Interfaith Center on Corporate Responsibility

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The Interfaith Center on Corporate Responsibility (ICCR) is an association advocating for corporate social responsibility.[1] Its 300 member organizations comprise faith communities, asset managers, unions, pensions, NGOs and other investors. ICCR members engage hundreds of corporations annually in an effort to foster greater corporate accountability. ICCR's members file shareholder resolutions on issues such as climate change, human rights, corporate governance, financial practices, and other social and environmental concerns. The organization was founded in 1971.

Members[edit]

ICCR members include faith communities, asset management companies, labor unions, pension funds, NGOs, and college and university endowment funds.

Corporate targets[edit]

In any given year, members of ICCR file roughly 300 shareholder resolutions at hundreds of American corporations across multiple industries.

ICCR also owns the EthVest database of shareholder resolutions.[2]

In the 1980s, ICCR was active in the campaign for disinvestment from South Africa in protest of Apartheid.

Issues of concern[edit]

Shareholder resolutions span a wide range of issues. In recent years, the most active issues have included climate change; human rights including topics such as human trafficking, food safety and sustainability, water sustainability, and the affordability of medicines;[3] corporate lobbying and corporate political contributions; corporate governance; financial practices and risk;[4] and gun control.[5][6]

The Interfaith Center on Corporate Responsibility co-ordinated organizations using shareholder activisim to influence firearms manufacturers to improve the safety of their products. The Interfaith Center on Corporate Responsibility supported shareholder resolutions asking American Outdoor Brands Corporation, the parent company of Smith & Wesson, and Sturm, Ruger & Co. to report to investors regarding the steps they are taking to reduce gun violence. Ruger opposed the resolution. BlackRock, the world's largest asset manager and Ruger's largest investor, and Institutional Shareholder Services and Glass Lewis, the two most important shareholder advisory firms in the United States, supported the resolution. At Ruger's annual meeting on May 9, 2018 a majority of shareholders voted in favor and Ruger said they would heed the resolution. The Brady Campaign to Prevent Gun Violence called the vote a "first-of-its-kind victory."[7][8][9][10][11]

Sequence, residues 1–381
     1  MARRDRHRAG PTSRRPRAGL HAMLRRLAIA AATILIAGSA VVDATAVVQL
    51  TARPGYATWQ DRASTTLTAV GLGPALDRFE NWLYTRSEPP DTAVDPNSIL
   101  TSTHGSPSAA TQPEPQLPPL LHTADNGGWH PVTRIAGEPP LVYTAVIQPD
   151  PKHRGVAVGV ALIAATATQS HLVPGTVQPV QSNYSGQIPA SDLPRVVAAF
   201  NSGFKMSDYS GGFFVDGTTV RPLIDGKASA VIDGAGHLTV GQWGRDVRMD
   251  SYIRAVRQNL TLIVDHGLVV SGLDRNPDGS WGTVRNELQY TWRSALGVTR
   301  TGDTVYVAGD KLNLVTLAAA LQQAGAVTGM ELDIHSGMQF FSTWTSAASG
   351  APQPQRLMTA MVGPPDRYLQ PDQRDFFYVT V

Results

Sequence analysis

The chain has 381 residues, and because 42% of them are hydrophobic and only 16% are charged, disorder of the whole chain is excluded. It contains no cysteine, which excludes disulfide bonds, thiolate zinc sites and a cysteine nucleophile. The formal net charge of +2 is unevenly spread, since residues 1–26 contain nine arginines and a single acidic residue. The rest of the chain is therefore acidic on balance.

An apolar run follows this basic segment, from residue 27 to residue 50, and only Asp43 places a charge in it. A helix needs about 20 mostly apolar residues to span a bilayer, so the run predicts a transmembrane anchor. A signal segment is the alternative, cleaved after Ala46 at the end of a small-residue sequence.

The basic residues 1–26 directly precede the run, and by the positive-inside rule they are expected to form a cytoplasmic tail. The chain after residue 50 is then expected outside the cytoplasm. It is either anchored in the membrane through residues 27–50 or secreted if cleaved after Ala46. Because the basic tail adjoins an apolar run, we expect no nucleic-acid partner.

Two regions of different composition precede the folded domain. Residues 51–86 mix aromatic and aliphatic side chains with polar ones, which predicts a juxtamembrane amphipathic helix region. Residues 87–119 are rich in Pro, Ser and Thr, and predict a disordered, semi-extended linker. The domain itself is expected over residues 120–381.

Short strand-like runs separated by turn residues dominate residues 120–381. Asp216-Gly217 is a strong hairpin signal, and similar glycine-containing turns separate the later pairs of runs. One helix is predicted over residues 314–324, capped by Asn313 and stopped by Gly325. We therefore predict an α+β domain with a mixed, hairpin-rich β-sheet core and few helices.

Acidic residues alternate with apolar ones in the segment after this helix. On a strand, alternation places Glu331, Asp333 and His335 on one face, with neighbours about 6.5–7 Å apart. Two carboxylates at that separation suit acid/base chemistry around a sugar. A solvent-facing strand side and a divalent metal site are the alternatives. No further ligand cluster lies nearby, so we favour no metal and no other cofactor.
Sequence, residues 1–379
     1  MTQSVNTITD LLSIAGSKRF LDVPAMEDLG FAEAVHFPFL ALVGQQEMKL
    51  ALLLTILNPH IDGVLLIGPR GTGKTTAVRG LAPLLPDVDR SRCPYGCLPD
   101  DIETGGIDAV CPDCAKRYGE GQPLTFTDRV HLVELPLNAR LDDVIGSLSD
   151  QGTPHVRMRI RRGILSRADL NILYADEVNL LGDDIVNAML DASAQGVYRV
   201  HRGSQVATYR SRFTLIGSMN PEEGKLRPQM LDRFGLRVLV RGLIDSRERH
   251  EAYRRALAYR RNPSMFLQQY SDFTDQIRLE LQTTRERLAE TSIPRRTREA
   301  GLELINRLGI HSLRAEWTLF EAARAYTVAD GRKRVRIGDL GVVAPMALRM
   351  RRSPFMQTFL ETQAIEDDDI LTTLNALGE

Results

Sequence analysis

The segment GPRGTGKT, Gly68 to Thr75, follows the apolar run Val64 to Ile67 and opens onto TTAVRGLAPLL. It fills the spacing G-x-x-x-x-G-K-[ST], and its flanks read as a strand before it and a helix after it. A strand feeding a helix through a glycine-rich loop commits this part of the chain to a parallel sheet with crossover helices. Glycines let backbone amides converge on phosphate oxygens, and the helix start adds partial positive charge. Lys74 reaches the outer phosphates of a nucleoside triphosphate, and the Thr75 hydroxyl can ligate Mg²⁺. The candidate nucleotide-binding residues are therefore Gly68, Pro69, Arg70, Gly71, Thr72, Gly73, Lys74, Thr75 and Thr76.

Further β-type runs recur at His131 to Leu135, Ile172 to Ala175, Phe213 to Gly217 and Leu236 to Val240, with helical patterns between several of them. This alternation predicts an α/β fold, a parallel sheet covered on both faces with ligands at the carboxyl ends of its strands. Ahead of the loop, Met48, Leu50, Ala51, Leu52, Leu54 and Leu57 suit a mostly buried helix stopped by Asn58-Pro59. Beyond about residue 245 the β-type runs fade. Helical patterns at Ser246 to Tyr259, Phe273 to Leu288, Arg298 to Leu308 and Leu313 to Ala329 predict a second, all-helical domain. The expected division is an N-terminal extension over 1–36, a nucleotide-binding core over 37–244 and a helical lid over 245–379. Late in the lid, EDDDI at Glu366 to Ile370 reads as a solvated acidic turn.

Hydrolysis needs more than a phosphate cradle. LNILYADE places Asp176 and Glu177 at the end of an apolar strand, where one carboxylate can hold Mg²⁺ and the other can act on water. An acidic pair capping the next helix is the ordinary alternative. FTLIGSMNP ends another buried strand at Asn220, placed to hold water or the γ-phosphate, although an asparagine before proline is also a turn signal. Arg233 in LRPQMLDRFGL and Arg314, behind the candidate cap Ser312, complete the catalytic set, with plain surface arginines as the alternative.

References[edit]

  1. ^ https://www.iccr.org/investors-see-proposed-rollback-methane-regs-threat-long-term-viability-oil-gas-sector
  2. ^ Institutional Shareowner, October 04, 2005 - ICCR Online Database Eases Access to Information on Shareowner Resolutions, by William Baue
  3. ^ Loftus, Peter (2017-03-01). "Drug Companies Block Shareholder Votes on Price Transparency Proposals". Wall Street Journal. ISSN 0099-9660. Retrieved 2017-06-13.
  4. ^ Cowley, Stacy (2017-03-16). "Wells Fargo Leaders Reaped Lavish Pay Even as Account Scandal Unfolded". The New York Times. ISSN 0362-4331. Retrieved 2017-06-13.
  5. ^ Childs, Mary (October 5, 2018). "How Nuns Won Duels With the Gun Makers". Barron's. Retrieved April 3, 2019.
  6. ^ Whyte, Amy (August 20, 2018). "These Churches Buy Shares in Gun Companies. Their Goal: Confront Them". Institutional Investor. Retrieved April 3, 2019.
  7. ^ Moyer, Liz (February 28, 2018). "Activist nuns see momentum building for their fight against gun makers after Florida school shooting". CNBC. Retrieved October 1, 2019.
  8. ^ Loder, Asjylyn; Cameron, Doug (May 9, 2018). "Sturm, Ruger Shareholders Vote to Force Firm to Reveal More About Gun Violence Issues". The Wall Street Journal. Retrieved October 1, 2019.
  9. ^ Hsu, Tiffany (May 9, 2018). "Sturm Ruger Shareholders Adopt Measure Backed by Gun Safety Activists". The New York Times. Retrieved October 1, 2019.
  10. ^ Schuppe, Jon (September 30, 2018). "How a Seattle nun led a shareholder revolt against gun makers". NBC News. Retrieved October 1, 2019.
  11. ^ Mirchandani, Bhakti (February 19, 2019). "A Year After Parkland, How Churches Nationwide Are Using Big Investment Dollars To Drive Gun Safety". Forbes. Retrieved October 1, 2019.

External links[edit]